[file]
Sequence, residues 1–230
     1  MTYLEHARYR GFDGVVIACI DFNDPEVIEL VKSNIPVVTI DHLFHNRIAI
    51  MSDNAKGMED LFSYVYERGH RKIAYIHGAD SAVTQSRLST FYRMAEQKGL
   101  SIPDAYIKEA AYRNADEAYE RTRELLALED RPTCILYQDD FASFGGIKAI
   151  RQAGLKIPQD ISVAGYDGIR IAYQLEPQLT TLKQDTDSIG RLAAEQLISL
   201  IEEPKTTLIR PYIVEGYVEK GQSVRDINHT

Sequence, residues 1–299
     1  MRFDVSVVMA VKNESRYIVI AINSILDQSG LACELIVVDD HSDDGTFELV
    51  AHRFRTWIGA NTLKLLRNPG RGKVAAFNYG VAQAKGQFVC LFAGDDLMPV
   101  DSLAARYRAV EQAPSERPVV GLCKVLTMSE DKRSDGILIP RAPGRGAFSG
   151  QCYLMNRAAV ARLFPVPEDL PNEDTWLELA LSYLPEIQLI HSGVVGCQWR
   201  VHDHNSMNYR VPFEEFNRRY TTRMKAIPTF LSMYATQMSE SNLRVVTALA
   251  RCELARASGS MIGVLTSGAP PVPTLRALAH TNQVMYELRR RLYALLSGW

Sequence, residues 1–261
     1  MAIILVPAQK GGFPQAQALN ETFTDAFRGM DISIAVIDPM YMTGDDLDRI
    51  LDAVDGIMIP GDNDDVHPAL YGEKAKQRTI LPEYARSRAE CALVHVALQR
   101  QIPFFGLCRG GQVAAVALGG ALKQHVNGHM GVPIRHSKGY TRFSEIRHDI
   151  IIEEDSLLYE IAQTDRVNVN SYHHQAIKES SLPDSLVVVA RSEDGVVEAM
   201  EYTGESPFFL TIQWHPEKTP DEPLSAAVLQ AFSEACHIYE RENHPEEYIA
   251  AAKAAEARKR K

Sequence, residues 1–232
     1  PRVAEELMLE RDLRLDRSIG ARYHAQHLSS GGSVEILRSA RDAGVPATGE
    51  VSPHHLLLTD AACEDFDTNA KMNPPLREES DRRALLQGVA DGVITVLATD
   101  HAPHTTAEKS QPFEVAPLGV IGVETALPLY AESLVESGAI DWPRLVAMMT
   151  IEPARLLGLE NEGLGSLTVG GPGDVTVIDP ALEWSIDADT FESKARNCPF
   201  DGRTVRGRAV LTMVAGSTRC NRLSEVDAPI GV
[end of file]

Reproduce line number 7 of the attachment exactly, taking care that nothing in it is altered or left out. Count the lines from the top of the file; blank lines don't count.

Sequence, residues 1–299